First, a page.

The Glorious Wild Ones

The late summer wildflowers – wild being the key word – they tug at my soul.  They are not the carefully tended beauties in my garden, and they are not the vibrant, low-to-the-ground delights of the spring forest wildflowers that burst forth with the return of the spring sun before there are leaves on the trees.  These are the late summer wildflowers that hug the edges of the forest, reach for the sun, and grow waist high at least and line the sides of the roads; these are the wild children that are the late bloomers, the ones who took all summer to gather the sun’s strength and brightness.  The waning sunlight tells them now or never and they finally burst forth in bloom and push their energy into new seeds of life for the next generation. 

The purple ironweed is my favorite and it is such a vibrant violet hue in the morning sun that it takes my breath away, holding its head above the golden rod who bends her hands saturated with yellow towards me with an offering.   These two so commonly grow together, as if they have a long-standing dance card and won’t let anyone else cut in. 

Jewelweed flowers a little all summer, but in the late summer becomes particularly spectacular in long wide stretches along dirt roads especially.  The lacy green foliage about three feet high is dotted with little orange blossoms revealing delicate mouths, each hanging from a cord and inviting the bees to enter. 

Stinging nettles are not sought after for their blooms, but after standing guard all summer for the other flowers they make haste to bring forth their seed in a subtle spray of small white flowers, still armed to the teeth.

Tall wild yellow coneflowers and wingstem compete for the brightest yellows and vie for the most sunlight as they illuminate their green surroundings and make everyone smile with their free-flowing easy grace and big wide-open faces waving to us. 

A field of Queen Anne’s Lace is a late summer marvel.  This jewel needs the full sun of wide-open spaces to fully shine.  Evidently Queen Anne of England was an expert lace maker, hence the name.  Anyway, this beauty is sometimes called wild carrot as it can be substituted for a carrot when young and as the bloom matures it curls inward and looks like a delicate bird’s nest.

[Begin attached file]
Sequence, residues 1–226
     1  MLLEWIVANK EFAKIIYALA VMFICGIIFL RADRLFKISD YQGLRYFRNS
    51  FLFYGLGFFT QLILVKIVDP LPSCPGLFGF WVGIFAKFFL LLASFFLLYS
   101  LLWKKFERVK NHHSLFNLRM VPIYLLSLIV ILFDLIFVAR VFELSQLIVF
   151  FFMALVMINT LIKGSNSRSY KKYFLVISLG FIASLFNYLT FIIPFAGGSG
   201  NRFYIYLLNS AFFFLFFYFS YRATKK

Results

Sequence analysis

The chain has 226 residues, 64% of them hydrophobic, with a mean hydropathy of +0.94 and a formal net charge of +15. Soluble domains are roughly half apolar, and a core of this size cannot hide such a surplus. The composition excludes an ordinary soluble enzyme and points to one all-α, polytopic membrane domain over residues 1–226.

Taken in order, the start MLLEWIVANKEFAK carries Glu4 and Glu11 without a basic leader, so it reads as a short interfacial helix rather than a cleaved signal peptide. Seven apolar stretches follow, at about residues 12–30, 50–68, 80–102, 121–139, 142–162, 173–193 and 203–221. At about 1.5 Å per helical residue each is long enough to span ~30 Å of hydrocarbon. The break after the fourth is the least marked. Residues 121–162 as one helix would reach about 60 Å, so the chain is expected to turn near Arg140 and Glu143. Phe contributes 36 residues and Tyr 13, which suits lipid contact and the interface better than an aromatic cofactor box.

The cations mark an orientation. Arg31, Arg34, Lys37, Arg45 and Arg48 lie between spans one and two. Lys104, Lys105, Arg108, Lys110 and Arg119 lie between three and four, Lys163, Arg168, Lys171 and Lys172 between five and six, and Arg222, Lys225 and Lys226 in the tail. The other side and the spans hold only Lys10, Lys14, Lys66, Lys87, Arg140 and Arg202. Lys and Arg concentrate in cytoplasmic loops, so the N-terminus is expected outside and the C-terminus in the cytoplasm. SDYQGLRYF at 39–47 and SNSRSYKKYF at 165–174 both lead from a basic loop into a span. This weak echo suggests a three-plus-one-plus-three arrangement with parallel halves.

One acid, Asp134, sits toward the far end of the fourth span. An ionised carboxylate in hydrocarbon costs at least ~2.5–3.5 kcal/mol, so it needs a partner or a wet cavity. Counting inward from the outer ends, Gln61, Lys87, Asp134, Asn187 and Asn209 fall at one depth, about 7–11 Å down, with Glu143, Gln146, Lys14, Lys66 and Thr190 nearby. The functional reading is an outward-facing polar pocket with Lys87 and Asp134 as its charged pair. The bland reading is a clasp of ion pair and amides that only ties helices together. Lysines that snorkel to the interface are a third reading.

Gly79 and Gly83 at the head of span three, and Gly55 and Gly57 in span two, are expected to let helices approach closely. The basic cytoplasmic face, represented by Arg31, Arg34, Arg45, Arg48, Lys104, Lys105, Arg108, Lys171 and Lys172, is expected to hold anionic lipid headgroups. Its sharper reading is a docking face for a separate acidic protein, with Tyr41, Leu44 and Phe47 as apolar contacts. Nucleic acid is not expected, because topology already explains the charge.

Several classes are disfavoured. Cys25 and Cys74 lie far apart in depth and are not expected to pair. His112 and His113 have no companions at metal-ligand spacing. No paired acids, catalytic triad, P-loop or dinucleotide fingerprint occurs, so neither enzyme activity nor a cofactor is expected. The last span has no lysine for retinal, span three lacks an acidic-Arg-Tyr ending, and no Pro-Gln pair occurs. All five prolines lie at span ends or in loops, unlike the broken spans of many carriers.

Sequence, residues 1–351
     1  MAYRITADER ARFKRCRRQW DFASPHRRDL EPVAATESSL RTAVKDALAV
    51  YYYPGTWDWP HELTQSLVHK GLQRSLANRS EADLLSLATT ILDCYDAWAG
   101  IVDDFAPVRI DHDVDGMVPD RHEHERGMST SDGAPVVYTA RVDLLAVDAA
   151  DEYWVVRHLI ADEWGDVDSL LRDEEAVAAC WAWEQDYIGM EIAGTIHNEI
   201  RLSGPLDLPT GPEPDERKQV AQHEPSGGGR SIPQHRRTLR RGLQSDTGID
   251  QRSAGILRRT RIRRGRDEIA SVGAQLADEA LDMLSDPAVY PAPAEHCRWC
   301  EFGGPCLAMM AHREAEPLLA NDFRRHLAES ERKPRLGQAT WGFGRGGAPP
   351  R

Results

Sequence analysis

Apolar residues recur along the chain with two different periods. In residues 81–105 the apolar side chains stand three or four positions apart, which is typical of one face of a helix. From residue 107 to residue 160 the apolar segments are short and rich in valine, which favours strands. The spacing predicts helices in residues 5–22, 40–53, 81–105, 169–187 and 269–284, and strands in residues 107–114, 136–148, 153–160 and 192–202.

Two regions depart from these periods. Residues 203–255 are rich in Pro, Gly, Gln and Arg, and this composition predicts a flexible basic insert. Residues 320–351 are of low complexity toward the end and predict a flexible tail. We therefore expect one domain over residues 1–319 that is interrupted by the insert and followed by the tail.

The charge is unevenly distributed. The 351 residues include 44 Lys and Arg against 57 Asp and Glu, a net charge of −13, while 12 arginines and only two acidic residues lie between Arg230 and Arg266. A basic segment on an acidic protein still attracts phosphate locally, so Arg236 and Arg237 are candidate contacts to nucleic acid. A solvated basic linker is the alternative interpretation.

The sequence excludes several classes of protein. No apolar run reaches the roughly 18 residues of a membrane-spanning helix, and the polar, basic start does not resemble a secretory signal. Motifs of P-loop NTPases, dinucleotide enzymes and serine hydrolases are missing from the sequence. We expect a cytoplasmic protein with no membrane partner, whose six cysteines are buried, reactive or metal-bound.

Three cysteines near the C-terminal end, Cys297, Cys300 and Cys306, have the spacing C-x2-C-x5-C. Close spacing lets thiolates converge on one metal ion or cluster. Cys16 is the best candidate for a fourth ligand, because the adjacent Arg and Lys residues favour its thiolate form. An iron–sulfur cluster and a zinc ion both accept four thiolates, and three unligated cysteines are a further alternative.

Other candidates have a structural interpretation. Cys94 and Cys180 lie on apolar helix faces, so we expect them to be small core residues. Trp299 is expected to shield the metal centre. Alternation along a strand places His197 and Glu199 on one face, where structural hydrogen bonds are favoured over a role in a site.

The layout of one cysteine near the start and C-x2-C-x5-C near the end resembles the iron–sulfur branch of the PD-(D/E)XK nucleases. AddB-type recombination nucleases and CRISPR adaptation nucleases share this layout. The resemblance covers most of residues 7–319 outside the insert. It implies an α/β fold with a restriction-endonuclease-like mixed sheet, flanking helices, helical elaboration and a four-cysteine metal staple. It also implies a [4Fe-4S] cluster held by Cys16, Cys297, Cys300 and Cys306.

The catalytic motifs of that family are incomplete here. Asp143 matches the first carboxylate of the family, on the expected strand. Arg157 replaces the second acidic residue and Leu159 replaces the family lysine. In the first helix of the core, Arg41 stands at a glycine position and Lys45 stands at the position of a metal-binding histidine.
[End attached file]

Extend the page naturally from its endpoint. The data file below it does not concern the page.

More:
Stickweed grows in old fields with radiant golden flowers, taking over where the grass is less than robust.  My friend’s farm has a lot of stickweed and the cows and goats won’t eat it, so the farmers don’t like it.  But her radiant golden flowers glow as they reach for the sky.   She is another survivor. 

What does it take to be a wildflower that is so prolific that it grows everywhere although humans do not plant it, or tend it and in fact often go out of their way to irradicate these “weeds”?  A weed of course is only a human judgment of whether a plant is wanted or unwanted by other humans.     And unwanted plants often get the additional moniker of “invasives”.

These are the plants that will save the Earth with their tenacity and determination.  These are the ones that grow in the harshest places, the disturbed land, the broken land.  These beauties have the strength to move in and roll up their sleeves and put down their roots, able to make a home with very little to feed on, and no protection.   In fact, they often heal the land by reaching deep into the dirt and pulling up long stored minerals from the rock itself.   Wildflowers with their wild cousins the vines, will literally rewild the Earth – all we must do is get out of their way. 

These are the flowers I really want to get to know the most, to know their medicine.  Tell me your stories, your secrets, I ask. Help me to listen to you.  You are such beautiful mamas, dancing with abandon, knowing that you thrive best in large communities surrounded by your closest family, feeding each other, protecting each other. You learn so quickly how to settle in without any excuses or second guesses, to take root, to make a home for yourself, and then send your progeny out into the world far and wide, giving them your untamed wisdom to take with them.  

These wildflowers say to me, “We are wild, and we would rather not be in your cultivated garden. Mother Earth is our favorite gardener.  Only She knows the deepest secrets of our long story over the millennia and how and what we need to do, to adapt when.   Her ways with us always have the goal of survival of the whole ecosystem, and we trust her to show us the way.   Some years we grow tremendously, and some years we almost fade away.  That is how we become stronger.  We are food for bees, butterflies, birds, rabbits and much more.  That is the way of the wild – we are eaten just as we eat of the earth and the sunlight is our food.  We are the ones you cannot contain.” 

Will we be able to listen to this wild wisdom when we really need it? To learn from them how to be in the world and how to heal our land?  Their survival is the key to our survival.  Their glory can be our glory. 

Their roots bring up the very glory from the dirt itself, the greatest mystery of all, the body of the Earth, the body of Our Great Mother. 

Images: 1) Ironweed 2) Goldenrod 3)Jewelweed 4) Jewelweed with bee 5) Stinging Nettles 6) Yellow coneflower 7) Wingstem 8) Queen Anne’s Lace

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